Yes it does. Cell takes responsibility for the scientific accuracy of all its published papers and ensures that authors fairly state the appropriate implications, conclusions and limitations of their findings. Cell also takes responsibility for representing the papers it publishes fairly and accurately to the general media. It has not happened at Cell that a paper of great public interest has been significantly misrepresented or distorted, but if it were to happen, we would take a step such as publishing an editorial to clarify the content of the paper. We would also take steps to make sure that the relevant media outlets were denied access to our press releases.

  Cell also takes responsibility for the papers it publishes after publication by ensuring their availability as part of the permanent archive of scientific information with the creation of complete electronic backfiles and deposition in appropriate repositories.

Question 4: Does Cell adhere to a set of good publishing practice guidelines, such as the COPE guidelines in the UK? If so, how are such guidelines put into practice?

  Cell's editorial and publishing policies are fully in line with the COPE Guidelines on Good Publication Practice including issues related to Study Design and Ethical Approval, Data Analysis, Authorship, Peer Review, Redundant Publication, Plagiarism, Duties of Editors, Media Relations, Advertising and Dealing with Misconduct. The work published in Cell is held to extremely high technical standards by both the reviewers and the editors and the editorial process is actively monitored to ensure speed, fairness and accuracy. Conflict of interest and media relations policies are stated in our Information for Contributors and are in line with COPE recommendations. Disputes regarding authorship, plagiarism, fraud, or undisclosed conflicts of interest are handled by the Editor again in keeping with the guidelines set forth by COPE to protect the rights and reputations of both the author and the accuser and referring the matter to the relevant authorities as appropriate. All allegations are investigated and Corrections/Errata are published as necessary.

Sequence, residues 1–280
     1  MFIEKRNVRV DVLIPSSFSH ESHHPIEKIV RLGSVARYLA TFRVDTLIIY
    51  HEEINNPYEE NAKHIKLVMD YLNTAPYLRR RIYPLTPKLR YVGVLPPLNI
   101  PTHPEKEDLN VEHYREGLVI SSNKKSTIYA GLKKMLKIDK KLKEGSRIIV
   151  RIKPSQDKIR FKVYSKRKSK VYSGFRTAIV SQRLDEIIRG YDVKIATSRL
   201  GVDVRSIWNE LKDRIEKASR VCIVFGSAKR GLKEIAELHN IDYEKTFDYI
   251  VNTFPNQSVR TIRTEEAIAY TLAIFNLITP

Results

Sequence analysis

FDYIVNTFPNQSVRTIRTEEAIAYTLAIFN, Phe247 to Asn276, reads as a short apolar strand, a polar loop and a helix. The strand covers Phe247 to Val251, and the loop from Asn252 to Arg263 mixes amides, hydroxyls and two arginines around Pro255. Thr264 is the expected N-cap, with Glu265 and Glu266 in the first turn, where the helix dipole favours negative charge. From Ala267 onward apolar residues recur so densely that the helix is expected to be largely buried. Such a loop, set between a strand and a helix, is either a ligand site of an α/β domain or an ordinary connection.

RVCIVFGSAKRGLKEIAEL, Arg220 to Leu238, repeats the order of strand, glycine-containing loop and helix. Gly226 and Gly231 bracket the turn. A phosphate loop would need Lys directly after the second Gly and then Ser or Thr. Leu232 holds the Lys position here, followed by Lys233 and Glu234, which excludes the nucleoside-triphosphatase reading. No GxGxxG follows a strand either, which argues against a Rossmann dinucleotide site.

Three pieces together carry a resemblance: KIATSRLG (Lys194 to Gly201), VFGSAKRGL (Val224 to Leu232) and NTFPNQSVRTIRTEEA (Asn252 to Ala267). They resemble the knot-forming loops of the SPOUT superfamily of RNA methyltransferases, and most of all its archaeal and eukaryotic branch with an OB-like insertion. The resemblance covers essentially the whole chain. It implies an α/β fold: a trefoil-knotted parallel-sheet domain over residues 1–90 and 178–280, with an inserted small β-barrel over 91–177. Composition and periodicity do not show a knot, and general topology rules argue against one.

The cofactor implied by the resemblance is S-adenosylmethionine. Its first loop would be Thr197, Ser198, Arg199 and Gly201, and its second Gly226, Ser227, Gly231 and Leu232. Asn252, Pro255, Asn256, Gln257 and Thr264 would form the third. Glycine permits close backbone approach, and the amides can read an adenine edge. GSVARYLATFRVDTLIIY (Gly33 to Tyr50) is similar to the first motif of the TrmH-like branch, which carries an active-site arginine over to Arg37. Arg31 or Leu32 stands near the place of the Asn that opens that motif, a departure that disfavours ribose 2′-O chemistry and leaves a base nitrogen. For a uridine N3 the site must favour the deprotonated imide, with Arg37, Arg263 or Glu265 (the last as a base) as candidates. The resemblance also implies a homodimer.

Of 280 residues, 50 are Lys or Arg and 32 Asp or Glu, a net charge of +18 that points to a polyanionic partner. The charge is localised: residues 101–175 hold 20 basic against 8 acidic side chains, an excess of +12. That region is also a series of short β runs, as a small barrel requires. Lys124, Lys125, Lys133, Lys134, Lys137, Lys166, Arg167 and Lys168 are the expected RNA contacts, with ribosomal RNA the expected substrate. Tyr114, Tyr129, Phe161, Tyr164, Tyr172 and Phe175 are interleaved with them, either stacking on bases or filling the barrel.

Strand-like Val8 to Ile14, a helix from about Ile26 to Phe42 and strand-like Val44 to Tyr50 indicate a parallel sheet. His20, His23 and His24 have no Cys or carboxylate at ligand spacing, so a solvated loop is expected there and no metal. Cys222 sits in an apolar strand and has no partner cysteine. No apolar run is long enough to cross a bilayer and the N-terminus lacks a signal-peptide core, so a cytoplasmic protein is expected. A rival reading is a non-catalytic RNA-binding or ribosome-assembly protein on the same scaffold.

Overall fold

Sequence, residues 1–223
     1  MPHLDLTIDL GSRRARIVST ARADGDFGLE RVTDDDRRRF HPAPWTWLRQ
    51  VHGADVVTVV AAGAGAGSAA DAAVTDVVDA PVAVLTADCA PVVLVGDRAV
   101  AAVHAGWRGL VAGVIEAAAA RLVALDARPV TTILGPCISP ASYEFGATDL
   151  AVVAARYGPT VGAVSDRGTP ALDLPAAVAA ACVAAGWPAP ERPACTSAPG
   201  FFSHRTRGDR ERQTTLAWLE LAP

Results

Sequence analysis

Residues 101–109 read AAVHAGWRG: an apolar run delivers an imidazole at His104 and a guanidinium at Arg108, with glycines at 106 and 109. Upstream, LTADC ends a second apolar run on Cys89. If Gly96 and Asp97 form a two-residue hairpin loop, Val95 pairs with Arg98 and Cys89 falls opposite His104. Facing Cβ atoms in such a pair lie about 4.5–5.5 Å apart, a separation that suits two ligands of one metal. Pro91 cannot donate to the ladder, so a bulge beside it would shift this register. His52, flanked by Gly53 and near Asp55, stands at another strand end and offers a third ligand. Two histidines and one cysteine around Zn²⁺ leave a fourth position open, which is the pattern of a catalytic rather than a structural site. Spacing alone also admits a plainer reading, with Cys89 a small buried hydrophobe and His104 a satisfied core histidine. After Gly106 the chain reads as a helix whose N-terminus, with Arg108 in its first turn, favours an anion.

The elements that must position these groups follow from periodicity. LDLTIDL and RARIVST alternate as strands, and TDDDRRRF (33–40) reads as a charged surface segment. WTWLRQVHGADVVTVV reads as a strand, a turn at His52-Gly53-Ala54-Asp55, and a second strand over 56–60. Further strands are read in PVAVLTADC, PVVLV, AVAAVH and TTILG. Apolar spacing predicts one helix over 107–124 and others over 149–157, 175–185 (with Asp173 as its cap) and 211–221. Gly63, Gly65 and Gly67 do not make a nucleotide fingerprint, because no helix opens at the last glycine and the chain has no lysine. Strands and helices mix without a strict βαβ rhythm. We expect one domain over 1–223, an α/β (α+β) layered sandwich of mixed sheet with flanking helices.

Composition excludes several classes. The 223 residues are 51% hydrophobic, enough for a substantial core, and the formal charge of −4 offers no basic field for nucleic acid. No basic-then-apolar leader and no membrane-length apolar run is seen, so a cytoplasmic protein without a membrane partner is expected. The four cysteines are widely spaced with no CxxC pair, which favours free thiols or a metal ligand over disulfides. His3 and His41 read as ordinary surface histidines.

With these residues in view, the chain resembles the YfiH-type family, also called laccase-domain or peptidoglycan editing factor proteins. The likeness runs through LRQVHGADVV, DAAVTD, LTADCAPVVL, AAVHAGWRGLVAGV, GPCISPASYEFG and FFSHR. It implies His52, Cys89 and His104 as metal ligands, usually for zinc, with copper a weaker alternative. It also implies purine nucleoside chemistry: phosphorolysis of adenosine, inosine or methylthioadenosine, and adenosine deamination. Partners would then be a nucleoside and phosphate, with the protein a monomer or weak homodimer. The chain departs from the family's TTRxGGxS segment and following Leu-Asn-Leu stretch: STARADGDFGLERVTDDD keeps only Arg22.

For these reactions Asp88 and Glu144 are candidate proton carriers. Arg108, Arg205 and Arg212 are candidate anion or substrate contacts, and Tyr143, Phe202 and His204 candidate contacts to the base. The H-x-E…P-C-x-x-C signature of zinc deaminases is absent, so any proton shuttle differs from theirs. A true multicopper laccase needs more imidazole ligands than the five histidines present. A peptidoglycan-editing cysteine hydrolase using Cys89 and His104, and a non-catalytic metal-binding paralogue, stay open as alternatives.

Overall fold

Question 5: Can you outline your policy on retraction? Does it allow for partial retraction and if so, on what grounds?

  Retractions are either author-initiated or editor-initiated. Author-initiated retractions arise when some component of the paper fails to be reproducible in the author's own lab. The author brings the matter to the attention of the Editor and a Retraction is published the next available issue. The Retraction is also linked to the original paper on line in abstracting services and the online PDF is watermarked "Retracted".

  Editor-instigated retractions occur when the Editor receives correspondence from a third party who cannot reproduce the original data; the authors of the original paper are invited to respond in writing and both sets of data are then evaluated by independent reviewers. Decisions about publication of a retraction are made based on the advice of the reviewers. In addition, the Editor may also publish a retraction if authors fail to make reagents available as required by journal policy as this limits the ability of others to independently reproduce the findings.

  In principle, partial retractions are possible if the data and/or figure in question are deemed non-central to the main argument of the paper and the rest of the findings in the paper are unchallenged, but to my knowledge Cell to date has not published a partial retraction. Cell has published Corrections/Errata that address errors contained in a single figure of a manuscript, but in these cases the findings themselves were not contested and these publications do not constitute a Retraction.

March 2004